Dream aside, it’s interesting how little this story relies on Shawn’s abilities — much less the way he packages his abilities as psychic visions. It feels like an extension of Lassiter breaking Shawn’s DVD confession in the finale before he could hear the truth: In the end, it doesn’t matter that Shawn isn’t psychic. That’s a premise the show outgrew as it embraced its ensemble; by this point, it’s enough just to see everyone get into, and out of, trouble together.

So let’s get back to that trouble. While the chief takes off to find Iris, Heather brawls with Henry and Woody. Gus and Shawn take on the other goon (Nathan Mitchell), which mostly means ignoring — or applauding — his sword tricks while they talk about their love lives. Gus made out with a woman at a telescope party (!) who’s been stalking him ever since because she’s basically a female Gus. “She’s almost everything I’ve ever wanted in a woman,” he realizes, “short of being Gugu Mbatha-Raw.” While Gus regrets not giving Selene (Jazmyn Simon) a chance, Shawn wishes he’d married Juliet three years ago. He worries she deserves better, but Gus won’t hear it: “She deserves the best version of you.”

Now that they’ve shared that moment, the guys do “the thing they’re best at”: running away screaming. Everything wraps up chaotically, as it should: Juliet knocks out Allison after a fight, the chief gets the key she needs to rescue Iris, Jules deactivates the bomb with a code that happens to be the date Yin died — it was kind of a big night for her — and Shawn and Gus save Henry using, of all things, the old “Gus is a table” trick. Of all the callbacks in this movie, I am both thrilled and surprised we got “Gus is a table.”

After Allison and her crew are in custody, Shawn’s life is charmed once more…mostly. Back on the docks, he’s approached by the high-end fence, El Proveedor (Robert LaSardo), who threatened his life when he caught Shawn rummaging through his goods in search of the missing ring. Shawn bought himself some time with a few psychic predictions, and El Proveedor is pleased to report that they all came true. Never mind the fact that they only came true because Shawn enlisted his old pal Buzz McNab (Sage Brocklebank) to help things along. (Hi, Buzz!) El Proveedor was so impressed that he tracked down Shawn’s grandmother’s ring — and he also happens to be ordained — and Selene happens to have just shown up with a bouquet of flowers. Shawn and Juliet get married right there while Gus cries sympathetically.

And then, in one last absurd flurry, Juliet’s brother Ewan (John Cena) interrupts the guys on their way to the honeymoon (Gus and Selene are tagging along on, natch) to drag them into some shadowy international intrigue, destroying the office in the process. But what about the Gremlins decor?!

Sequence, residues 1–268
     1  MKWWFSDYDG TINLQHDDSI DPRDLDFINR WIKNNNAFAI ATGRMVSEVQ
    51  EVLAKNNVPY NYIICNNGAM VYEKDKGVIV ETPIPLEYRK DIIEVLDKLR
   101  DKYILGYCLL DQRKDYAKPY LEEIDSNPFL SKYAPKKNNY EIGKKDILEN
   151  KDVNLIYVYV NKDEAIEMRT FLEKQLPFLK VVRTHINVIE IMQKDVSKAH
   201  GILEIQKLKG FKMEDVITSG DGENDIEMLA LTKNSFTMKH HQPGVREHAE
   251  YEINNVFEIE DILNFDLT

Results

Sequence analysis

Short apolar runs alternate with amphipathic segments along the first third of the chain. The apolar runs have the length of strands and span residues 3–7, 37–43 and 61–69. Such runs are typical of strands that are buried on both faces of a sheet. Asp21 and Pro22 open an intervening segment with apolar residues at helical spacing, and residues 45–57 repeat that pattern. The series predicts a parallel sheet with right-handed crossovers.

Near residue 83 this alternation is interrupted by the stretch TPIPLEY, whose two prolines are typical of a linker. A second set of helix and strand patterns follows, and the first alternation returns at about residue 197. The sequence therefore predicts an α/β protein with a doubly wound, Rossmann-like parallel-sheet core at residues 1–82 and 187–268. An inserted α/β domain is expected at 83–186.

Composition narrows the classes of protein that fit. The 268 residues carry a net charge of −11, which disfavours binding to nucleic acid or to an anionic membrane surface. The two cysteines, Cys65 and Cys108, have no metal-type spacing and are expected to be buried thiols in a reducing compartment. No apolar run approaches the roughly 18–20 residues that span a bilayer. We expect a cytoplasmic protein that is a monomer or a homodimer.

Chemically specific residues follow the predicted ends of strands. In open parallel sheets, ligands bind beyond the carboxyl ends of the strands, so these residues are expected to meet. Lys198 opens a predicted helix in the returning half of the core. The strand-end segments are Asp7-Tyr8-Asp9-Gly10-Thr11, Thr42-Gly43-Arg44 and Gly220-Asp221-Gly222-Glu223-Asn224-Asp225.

Pineapples for the road:

  • It was so good to see Timothy Omundson make an appearance (on screen and in the opening credits), and it’s easy to figure that Maggie Lawson’s tears in that scene were about more than just Juliet. Here’s hoping he’s able to play a bigger role if there are more Psych stories to be told. (For more on that cameo, head here for my colleague Chancellor Agard’s full postmortem with creator Steve Franks.)
  • Shawn’s #TeamGrimmie shirt in the final scene is in honor of the late singer Christina Grimmie, a fan of the show.
  • A few understated in-jokes: The suspect from the pilot got Shawn onto El Proveedor’s freighter, “Boom Boom Boom Muffins” is on Gus’ business card, and Shawn still has the glass fish from Lassie’s desk.
  • What time does Chief Vick go to bed?
  • “My name is Burton Guster, and this is my partner, White Privilege.”
  • Shout out to Selene’s Get Out joke.
  • “Your mama’s pitch black.” “Yeah, we both wish that were true…I don’t know what I mean by that.”
  • “Next thing I know Sam’s been killed.” “He’s still breathing!”
  • “Gus, don’t be the tender sweetness of a seasick crocodile.”
  • Where can I read Mesopotamian Pomeranian, 8-year-old Gus’ contest-winning comic strip about an Egyptian dog that became pharaoh?
  • I laughed at Mary banishing Henry from the dream: “This isn’t for you, sir!”
  • “My dad’s having a full-on 7/8ths life crisis!”
  • “Plus now you know that my real name is Ted.” “Only because you just told me.”
  • “I wish I would have known you then. I bet you were a dead ringer for Bud on The Cosby Show.”
  • “Where the hell did you get a waffle?”